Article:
Example of a seizure in a Bernese Mountain Dog:
A faithful companion that likes to stick close to its master, the Keeshond is intelligent and affectionate. They can become bored but don’t require huge amounts of exercise. The Keeshond has an average life expectancy of 12-14 years.
This breed has a genetic predisposition for idiopathic epilepsy and is over 9 times more likely than average to develop the condition. The onset of epilepsy usually occurs between 6 months and 3 years.
The Labrador Retriever is an energetic, extroverted, lovable breed. It is eager to please and generally easy to train. With an average lifespan of 10-12 years, this breed can suffer from various inherited conditions.
Example of a seizure in a Labrador Retriever:
Vizslas are energetic hunting dogs. They’re gentle and fit well in many families. The life expectancy of Vizslas is 12-15 years.
However, their high energy and excitability may predispose them to seizures. Some dogs experience focal seizures such as head tremors, while others have grand mal episodes. The median age of seizure onset in Vizslas is about 3 years.
Example of a seizure in a Vizsla:
Head tremors: https://www.youtube.com/shorts/EzuQFfJUz8I
When you take your dog to the vet, he will ask you for details about the seizure, including your observation and any recent changes in diet or routine. Then he’ll do a thorough physical exam and neurological evaluation To rule out underlying diseases or conditions, the doctor may also take urine and blood samples.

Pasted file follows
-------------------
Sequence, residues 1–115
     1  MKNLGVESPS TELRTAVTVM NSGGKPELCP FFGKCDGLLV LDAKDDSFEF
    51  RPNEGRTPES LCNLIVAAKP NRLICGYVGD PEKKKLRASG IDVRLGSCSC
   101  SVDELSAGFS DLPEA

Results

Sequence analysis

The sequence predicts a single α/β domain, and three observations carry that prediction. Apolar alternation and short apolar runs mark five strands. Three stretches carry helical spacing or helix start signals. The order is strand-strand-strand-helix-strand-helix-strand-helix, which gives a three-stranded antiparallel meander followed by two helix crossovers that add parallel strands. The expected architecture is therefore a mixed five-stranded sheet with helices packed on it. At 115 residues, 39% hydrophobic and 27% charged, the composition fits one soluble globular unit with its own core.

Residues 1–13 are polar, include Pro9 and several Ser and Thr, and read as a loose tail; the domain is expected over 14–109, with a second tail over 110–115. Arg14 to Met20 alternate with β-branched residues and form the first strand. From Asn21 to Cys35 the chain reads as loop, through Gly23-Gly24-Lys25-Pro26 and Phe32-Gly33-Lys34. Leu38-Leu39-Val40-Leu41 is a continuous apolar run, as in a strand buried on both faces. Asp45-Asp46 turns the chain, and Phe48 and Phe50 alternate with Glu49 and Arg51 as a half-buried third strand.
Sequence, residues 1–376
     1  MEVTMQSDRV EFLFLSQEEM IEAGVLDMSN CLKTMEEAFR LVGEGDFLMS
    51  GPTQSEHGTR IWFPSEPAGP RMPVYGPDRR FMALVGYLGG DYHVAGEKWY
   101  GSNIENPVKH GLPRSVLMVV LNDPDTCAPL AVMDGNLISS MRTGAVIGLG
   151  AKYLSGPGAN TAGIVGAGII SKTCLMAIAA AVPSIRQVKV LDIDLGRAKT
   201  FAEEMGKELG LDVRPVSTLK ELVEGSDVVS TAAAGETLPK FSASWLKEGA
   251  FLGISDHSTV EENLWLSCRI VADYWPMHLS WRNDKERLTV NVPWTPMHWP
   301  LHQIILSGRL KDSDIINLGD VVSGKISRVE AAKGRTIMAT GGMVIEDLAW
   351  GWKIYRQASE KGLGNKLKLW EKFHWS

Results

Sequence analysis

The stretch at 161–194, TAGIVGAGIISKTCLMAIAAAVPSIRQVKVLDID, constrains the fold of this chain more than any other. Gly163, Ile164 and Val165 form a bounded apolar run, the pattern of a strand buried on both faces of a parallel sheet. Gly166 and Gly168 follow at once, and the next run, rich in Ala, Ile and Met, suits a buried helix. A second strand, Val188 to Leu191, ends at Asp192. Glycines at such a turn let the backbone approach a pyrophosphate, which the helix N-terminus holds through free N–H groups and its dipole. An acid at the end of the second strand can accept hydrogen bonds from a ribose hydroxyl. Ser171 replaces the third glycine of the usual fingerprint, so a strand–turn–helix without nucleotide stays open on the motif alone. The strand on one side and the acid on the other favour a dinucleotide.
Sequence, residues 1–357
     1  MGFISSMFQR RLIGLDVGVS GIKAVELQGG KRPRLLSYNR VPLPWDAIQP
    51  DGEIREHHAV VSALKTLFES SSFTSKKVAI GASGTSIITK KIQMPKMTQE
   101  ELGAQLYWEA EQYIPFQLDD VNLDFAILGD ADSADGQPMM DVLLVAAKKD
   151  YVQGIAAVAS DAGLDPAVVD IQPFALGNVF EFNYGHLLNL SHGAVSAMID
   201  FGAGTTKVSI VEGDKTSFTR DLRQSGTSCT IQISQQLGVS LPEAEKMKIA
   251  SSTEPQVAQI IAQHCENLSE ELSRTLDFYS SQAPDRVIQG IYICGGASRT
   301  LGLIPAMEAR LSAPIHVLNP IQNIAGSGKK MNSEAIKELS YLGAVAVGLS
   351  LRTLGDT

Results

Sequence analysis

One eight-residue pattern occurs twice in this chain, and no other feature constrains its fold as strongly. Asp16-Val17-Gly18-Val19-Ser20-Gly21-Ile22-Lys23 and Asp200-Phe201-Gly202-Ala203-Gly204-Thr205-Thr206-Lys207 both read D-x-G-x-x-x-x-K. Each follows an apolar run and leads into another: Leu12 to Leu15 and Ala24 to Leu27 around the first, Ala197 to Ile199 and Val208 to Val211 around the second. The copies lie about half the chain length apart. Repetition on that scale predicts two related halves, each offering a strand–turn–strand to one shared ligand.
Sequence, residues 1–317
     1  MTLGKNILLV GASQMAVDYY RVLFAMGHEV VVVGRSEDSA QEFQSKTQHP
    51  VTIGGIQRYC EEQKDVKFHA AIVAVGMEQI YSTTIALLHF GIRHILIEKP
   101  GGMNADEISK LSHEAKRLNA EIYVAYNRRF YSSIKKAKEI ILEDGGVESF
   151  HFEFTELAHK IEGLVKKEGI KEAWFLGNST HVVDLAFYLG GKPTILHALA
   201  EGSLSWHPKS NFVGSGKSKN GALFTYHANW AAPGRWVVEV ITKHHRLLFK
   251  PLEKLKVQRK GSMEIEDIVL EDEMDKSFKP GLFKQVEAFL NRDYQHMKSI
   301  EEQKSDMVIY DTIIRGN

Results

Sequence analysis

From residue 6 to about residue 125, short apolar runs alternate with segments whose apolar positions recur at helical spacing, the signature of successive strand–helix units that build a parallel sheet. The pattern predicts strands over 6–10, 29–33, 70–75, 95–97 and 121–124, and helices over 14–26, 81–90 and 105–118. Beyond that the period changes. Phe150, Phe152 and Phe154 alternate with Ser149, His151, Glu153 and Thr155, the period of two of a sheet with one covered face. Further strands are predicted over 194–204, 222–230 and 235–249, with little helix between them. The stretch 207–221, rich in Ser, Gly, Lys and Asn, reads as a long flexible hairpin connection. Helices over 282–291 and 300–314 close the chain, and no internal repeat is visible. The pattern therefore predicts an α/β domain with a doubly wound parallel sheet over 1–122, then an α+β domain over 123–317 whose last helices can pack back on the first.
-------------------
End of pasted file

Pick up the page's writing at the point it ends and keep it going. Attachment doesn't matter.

Seizures can affect your dog’s life expectancy depending on the severity and frequency of convulsions. The average life expectancy after the onset of seizures is about 2.3 years.
For dogs that have seizures more than once a month or have experienced prolonged seizures, treatment with anti-convulsant medications is recommended. The most common treatments are phenobarbital or potassium bromide. However, some dogs do not respond to these drugs; Zonisamide or Levetiracetam may provide adequate control in some cases.